On Sept. 8, Wells Fargo reached a settlement with federal regulators that will require the banking giant to pay $185 million in fines in a case regarding fake accounts set up by its employees. Regulators said that Wells Fargo's own internal investigation found that employees may have opened deposit accounts and credit card accounts totaling over $2 million without customers' authorization. Despite the multi-million dollar settlement, Wells admitted to no wrongdoing.
Aggressive Sales Culture Reportedly Was Behind the Fake Account Openings
Regulators and other authorities investigating the bank's practices included the Office of the Comptroller of the Currency, the U.S. Consumer Financial Protection Bureau and the Los Angeles City Attorney. They blamed the bank's aggressive sales culture for the activities.
Former Wells employees told investigators that they were forced to quit or were fired if they didn't do what was necessary, including sometimes forging customers' signatures, to meet sales quotas. Those behind these activities, they allege, included regional executives.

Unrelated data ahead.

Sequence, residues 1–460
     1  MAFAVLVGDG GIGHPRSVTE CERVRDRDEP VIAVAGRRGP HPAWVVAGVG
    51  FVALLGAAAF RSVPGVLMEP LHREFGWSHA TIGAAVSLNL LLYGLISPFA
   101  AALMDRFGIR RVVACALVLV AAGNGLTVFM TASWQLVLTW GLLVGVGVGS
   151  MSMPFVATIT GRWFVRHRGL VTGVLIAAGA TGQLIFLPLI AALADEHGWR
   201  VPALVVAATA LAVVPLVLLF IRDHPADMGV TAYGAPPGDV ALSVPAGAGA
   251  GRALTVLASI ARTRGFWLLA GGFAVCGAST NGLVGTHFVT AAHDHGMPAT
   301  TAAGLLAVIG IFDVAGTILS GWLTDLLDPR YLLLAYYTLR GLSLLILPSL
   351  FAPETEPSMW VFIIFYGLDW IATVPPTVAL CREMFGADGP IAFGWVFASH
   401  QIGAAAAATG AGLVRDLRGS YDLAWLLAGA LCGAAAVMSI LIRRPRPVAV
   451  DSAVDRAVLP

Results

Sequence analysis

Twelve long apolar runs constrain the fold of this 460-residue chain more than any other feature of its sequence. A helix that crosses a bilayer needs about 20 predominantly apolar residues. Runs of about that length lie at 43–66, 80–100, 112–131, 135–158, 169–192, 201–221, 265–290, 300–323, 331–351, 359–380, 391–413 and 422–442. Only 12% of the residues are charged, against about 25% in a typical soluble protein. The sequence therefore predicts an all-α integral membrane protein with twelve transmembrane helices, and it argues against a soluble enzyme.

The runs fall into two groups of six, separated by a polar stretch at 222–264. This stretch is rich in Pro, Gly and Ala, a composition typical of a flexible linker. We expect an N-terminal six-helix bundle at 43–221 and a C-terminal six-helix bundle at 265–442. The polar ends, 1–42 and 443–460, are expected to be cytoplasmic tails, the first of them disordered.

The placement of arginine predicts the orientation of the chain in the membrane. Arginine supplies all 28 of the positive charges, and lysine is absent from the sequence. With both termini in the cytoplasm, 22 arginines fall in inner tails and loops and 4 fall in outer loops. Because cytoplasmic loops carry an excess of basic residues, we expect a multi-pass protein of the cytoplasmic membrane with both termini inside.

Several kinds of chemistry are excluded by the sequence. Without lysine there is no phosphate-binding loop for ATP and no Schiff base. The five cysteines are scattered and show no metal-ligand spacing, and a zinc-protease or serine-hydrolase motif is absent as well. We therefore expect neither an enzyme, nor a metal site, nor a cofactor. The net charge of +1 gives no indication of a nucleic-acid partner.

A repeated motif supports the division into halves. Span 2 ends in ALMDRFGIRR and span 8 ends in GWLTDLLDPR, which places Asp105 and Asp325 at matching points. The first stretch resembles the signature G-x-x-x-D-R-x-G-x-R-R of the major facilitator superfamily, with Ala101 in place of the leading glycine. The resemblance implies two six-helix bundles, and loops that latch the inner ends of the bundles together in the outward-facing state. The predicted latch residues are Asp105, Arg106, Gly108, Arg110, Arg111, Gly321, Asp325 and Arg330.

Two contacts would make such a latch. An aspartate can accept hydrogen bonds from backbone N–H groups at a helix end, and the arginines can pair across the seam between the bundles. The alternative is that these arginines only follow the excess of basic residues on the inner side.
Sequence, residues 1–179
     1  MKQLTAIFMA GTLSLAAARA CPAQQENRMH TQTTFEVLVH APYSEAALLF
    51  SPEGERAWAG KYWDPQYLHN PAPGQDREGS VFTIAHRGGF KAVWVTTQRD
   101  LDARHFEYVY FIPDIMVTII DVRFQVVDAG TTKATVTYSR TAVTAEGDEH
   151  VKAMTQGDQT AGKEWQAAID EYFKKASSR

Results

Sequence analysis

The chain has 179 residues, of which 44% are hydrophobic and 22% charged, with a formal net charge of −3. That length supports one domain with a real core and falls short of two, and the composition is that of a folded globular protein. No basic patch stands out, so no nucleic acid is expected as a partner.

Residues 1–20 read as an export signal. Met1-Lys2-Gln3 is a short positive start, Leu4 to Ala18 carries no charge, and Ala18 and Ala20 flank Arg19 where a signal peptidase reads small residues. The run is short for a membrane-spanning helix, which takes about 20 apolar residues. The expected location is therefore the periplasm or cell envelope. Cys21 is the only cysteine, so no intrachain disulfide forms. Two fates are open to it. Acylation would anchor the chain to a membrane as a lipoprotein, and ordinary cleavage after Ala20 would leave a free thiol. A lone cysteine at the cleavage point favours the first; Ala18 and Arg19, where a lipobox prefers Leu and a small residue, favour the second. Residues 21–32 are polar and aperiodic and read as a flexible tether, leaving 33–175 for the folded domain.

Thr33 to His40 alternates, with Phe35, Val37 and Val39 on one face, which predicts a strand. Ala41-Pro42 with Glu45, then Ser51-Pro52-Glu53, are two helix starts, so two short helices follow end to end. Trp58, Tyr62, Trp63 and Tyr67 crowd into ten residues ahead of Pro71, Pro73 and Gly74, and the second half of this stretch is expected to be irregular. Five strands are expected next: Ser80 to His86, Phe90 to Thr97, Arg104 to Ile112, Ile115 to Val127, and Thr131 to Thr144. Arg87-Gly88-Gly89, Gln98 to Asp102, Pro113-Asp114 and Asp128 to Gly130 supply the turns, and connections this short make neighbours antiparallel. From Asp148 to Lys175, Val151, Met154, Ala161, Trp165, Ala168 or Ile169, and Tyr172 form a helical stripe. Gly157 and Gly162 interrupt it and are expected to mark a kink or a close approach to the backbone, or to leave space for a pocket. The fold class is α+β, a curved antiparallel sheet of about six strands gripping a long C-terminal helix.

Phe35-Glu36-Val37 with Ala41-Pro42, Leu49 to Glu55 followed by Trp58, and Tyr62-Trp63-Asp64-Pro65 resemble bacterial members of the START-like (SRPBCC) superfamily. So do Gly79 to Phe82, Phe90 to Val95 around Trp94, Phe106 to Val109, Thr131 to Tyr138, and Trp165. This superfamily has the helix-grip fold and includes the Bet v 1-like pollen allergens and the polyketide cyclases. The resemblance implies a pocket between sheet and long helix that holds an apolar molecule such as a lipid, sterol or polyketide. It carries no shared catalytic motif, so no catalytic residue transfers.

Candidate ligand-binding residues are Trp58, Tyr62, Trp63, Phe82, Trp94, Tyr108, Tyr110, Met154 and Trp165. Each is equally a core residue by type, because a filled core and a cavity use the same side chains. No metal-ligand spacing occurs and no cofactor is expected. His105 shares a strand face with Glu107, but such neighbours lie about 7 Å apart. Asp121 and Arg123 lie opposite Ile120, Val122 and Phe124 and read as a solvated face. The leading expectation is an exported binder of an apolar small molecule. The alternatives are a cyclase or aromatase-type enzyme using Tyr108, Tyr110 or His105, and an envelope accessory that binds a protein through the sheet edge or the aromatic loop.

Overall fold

Bank Still Faces Suits From Employees and Customers
However, the San Francisco-based company's legal problems are far from over. It is still facing lawsuits from former employees as well as customers. It remains to be seen what, if any, evidence used in the government's case is admissible in the plaintiffs' cases. Even if none of it is, however, attorneys agree that the "optics" of a $185 million settlement aren't good.
Former employees who have filed suits against the company have accused it of failure to pay them for working overtime, wrongful termination and other labor violations. Customers whose names and information were used to open accounts without their knowledge may also have legal recourse. One group of clients reached a settlement with the bank, which was announced the same day as the $185 government settlement.
Going forward, some cases may be handled via arbitration because of the contract that customers sign when they open an account. Others may be resolved in mediation. Still others may go to trial.
As this case shows, even when a company settles any legal issues it may have with the government, it can still face lawsuits from plaintiffs in civil court. It's essential to have a legal strategy to handle the fallout of any and all alleged wrongdoing.
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